- Finally, don’t jump into setting up your own charity or foundation unless you are sure there is a real gap in the area you want to support. It’s far better to investigate what’s already out there, what’s already working well and fund more of that work to achieve greater scale than set up yet another organisation which competes for resources amongst nearly 170,000 charities in the UK.
Following the above principles will help you avoid the common pitfalls and give you more chances of making a bigger difference over time. They are a counter to the ego-led, random, reactive, one-off and “over-complicated’ giving we still see. Following these principles will help ensure that good intentions translate into positive outcomes.
So why don’t the rich give more? What are the barriers to more giving?
Charities often expect that HNWIs will make more ‘major’ donations given their personal wealth, or that there will at least be a positive correlation between their increase in net worth and the increase in the amount donated.
However, this is not the case. Many individuals do not increase their donations in proportion with their wealth and, in some cases, they cease making donations altogether (or never even start).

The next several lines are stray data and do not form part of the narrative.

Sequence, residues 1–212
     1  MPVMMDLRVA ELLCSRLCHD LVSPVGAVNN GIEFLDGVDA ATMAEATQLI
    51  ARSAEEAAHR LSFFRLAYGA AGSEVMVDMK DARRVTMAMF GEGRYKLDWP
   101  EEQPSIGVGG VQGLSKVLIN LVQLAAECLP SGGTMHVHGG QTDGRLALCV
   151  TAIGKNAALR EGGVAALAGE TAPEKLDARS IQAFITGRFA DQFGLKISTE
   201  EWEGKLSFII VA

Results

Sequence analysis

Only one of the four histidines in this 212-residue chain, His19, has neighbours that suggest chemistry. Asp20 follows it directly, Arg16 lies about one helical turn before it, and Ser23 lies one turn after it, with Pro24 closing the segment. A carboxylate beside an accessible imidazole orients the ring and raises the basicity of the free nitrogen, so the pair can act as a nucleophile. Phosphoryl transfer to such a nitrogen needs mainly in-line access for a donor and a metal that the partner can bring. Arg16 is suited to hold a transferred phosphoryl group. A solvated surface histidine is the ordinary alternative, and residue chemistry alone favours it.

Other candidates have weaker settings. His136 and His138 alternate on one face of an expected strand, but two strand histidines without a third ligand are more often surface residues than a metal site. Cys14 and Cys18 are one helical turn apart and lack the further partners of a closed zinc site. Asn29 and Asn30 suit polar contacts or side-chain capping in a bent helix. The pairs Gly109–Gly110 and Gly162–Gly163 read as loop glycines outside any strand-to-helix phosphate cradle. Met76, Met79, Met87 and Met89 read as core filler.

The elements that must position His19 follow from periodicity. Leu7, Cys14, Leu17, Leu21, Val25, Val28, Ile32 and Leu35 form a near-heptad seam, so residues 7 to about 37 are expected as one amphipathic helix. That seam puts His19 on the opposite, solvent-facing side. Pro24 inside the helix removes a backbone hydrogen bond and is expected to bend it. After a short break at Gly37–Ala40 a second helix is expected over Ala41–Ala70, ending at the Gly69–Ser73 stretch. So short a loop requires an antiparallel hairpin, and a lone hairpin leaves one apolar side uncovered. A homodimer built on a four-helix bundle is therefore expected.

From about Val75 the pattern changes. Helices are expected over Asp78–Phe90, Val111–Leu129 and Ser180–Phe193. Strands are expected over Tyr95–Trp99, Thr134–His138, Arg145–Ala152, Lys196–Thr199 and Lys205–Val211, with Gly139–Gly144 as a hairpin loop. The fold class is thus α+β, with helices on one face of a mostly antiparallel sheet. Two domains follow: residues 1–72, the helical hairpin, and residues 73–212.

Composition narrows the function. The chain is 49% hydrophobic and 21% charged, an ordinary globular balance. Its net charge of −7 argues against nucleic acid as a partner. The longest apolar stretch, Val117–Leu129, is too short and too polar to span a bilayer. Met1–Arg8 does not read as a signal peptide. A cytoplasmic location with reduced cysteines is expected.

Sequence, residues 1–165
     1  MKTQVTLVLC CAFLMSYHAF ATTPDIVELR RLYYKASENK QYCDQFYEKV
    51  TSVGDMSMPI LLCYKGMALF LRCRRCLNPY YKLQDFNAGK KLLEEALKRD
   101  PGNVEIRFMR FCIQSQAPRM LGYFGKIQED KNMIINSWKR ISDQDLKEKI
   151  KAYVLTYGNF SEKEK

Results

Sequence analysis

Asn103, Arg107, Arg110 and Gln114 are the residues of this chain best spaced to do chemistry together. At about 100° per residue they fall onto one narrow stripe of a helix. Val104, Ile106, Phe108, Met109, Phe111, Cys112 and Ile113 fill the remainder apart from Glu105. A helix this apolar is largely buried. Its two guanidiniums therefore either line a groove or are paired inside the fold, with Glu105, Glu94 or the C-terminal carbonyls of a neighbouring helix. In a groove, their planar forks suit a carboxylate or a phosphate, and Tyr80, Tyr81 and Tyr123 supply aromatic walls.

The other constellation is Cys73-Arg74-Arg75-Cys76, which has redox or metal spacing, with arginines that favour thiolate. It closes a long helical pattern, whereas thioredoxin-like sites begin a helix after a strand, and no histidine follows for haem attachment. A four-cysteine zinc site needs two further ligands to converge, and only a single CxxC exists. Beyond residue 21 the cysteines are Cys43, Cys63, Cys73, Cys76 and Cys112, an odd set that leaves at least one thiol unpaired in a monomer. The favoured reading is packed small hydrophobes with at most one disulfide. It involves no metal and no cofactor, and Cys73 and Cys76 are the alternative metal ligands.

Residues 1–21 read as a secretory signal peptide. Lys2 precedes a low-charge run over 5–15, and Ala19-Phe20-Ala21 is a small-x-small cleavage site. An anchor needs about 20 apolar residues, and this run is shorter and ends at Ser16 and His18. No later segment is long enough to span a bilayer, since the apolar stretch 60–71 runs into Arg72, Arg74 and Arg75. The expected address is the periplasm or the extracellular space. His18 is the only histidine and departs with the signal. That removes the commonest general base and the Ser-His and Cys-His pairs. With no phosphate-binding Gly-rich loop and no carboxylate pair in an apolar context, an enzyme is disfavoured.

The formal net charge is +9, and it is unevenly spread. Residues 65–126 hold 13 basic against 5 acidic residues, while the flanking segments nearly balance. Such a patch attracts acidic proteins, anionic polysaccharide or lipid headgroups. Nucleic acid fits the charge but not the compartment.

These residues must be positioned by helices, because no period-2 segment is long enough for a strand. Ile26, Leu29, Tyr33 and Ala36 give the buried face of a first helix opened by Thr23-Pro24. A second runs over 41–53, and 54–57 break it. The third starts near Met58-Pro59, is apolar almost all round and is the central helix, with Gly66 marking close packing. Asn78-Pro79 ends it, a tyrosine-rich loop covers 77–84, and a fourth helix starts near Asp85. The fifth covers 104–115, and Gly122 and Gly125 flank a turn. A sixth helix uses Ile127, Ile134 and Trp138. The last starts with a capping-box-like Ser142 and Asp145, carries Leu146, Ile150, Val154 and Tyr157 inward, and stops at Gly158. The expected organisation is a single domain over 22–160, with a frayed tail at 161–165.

There are a multitude of reasons why HNWIs do not donate, or do not donate more, but some are more significant than others:
- These individuals have other financial priorities and obligations that take precedence over making larger donations. Don’t underestimate how insecure wealthy people are about their finances – especially new wealth which they are always worried about losing! The real question is, “how wealthy do they feel?” There’s a lot of psychology going on.
- Lack of control on how a donation is used is another major barrier; especially for people like business owners who are very used to being in control. Connected to this is lack of faith in charities and how they are run, not helped by extensive media coverage of those charities that are badly governed.
- Many see it as the responsibility of others to provide this funding; whether this be the state or individuals who are wealthier than they are.
The impact of these barriers differs. Some are critical, acting as ‘donation blockers’ that either prevent any donations at all, or prevent larger donations. Others are less permanent, and can be changed or overcome. For example, charities building better relationships with high net worth potential donors can help overcome a lack of trust or desire for control.
Learn more about David Stead here.